By Mr. Propwise

On 1 September 2016 the Monetary of Authority of Singapore (MAS) announced a fine-tuning of the refinancing rules under the Total Debt Servicing Ratio (TDSR) framework, in order to allow borrowers who are unable to refinance their existing property loans due to the application of the TDSR framework to do so. The MAS says it is making the changes in response to feedback from borrowers who were previously unable to refinance their existing property loans due to this.

What changed?

For owner-occupied residential properties, borrowers may now be exempted from the TDSR framework when they refinance their housing loan even if they bought it after the introduction of the TDSR.

For investment properties (i.e. second property and above), borrowers can refinance above the TDSR threshold of 60 per cent, regardless of when the property was purchased, if they meet two conditions:

  1. They commit to a debt reduction plan to repay at least 3 per cent of the outstanding balance over a period of not more than 3 years; and
  2. They fulfil their financial institution’s credit assessment.

If they don’t meet the above two conditions, the TDSR threshold will still apply.

Only a small group of borrowers will be affected by this fine-tuning – it was reported that only about 2.5 per cent of home loans made after the TDSR rules were implemented were currently above the 60 per cent threshold.

So is this a loosening?

Not officially.

In fact, the MAS is worried enough that people (read: property agents and developers) will see this action as a lifting of the clampdown on the property market that it included a line in their announcement to emphasize that these tweaks “do not represent a relaxation of property market cooling measures.”

They further caution borrowers to “exercise prudence and reduce their debt burdens, as the current low interest rate environment will not persist indefinitely. Borrowers will face higher mortgage repayments when interest rates rise.”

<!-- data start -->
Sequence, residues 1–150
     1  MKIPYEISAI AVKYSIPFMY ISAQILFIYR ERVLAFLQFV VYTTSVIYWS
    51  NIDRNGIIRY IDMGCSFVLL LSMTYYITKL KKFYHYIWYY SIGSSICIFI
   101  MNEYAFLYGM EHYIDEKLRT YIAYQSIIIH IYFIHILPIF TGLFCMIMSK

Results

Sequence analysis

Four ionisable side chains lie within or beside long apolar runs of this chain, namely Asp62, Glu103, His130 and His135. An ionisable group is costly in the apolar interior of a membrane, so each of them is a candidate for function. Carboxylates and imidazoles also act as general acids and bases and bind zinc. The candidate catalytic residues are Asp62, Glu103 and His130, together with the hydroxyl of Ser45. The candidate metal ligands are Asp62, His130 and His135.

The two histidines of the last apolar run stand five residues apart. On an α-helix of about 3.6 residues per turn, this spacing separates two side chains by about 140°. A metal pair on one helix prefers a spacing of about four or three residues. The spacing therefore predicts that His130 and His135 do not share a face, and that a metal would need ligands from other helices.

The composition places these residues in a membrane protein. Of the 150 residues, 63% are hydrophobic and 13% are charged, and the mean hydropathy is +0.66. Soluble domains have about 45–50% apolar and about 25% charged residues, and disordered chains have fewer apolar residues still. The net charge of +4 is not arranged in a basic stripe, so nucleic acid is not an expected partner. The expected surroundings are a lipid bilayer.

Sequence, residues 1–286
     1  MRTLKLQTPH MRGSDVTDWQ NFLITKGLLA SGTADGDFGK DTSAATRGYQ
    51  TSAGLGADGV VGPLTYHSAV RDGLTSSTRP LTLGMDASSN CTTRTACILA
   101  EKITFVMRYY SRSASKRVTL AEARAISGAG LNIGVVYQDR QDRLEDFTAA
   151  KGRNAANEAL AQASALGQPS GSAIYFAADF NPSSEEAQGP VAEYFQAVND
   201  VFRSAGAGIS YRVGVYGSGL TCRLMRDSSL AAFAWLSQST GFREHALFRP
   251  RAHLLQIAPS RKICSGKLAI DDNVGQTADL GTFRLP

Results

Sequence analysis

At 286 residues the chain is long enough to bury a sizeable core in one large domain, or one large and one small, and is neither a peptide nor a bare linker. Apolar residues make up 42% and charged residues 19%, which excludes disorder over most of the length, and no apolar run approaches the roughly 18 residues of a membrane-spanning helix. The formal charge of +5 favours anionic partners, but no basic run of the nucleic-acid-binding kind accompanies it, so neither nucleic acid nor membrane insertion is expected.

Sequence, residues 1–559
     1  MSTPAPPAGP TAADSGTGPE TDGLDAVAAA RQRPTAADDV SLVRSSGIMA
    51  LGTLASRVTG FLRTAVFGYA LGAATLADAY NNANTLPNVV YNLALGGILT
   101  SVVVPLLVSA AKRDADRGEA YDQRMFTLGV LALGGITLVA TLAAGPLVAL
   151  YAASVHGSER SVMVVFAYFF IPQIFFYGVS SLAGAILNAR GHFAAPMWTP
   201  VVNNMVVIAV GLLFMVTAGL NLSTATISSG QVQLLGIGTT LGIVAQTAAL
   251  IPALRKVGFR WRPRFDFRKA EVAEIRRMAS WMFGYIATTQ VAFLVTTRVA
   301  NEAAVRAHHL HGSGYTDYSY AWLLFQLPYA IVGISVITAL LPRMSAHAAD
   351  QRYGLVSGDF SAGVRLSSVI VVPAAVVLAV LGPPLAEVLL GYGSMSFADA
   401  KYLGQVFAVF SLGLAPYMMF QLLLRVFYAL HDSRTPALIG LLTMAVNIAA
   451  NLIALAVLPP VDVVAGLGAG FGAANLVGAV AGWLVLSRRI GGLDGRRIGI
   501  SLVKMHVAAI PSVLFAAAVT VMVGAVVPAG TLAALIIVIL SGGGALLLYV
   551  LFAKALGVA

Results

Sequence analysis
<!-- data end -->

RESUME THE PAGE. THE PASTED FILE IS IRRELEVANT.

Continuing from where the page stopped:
But these tweaks will take some pressure off the property market by preventing any fire sales of properties by marginal borrowers who might have been caught under the previous rules. As Ku Swee Yong, CEO of Century 21 said when interviewed by Today: “I think (MAS) is responding to the fact that there are more and more distressed cases on the ground. Those who bought in 2011-2012 when the market is reaching its peak, they are now collecting their keys and may not find the rental income to support (their loan repayments). Today, when interest rates are still low, refinancing may relieve their burden.”

This fine-tuning should not significantly affect the demand for property, so I don’t believe we’ll see prices heading up because of it.

Dealing with a thirst for yield and borrower complacency

The extended period of low interest rates has led to a thirst for any assets with a yield and complacency among borrowers that the current low interest rates will persist permanently. If interest rates do rise significantly, this might come as a shock and put marginal borrowers at risk of defaulting on their loans.

With property prices having corrected less than 10% from the 2013 peak, I believe the government still wants to see property prices trend further downwards before lifting the cooling measures.

And they might get to see that with the help of weak economic growth, increased job losses (as I write this I’ve just seen the headline of global bank Barclays Plc cutting about 100 IT jobs in Singapore), and a possible Federal Reserve interest rate hike later this year.

By Mr. Propwise, the founder of Singapore property blog, which aims to help people make better real estate buying, selling, renting and investing decisions.

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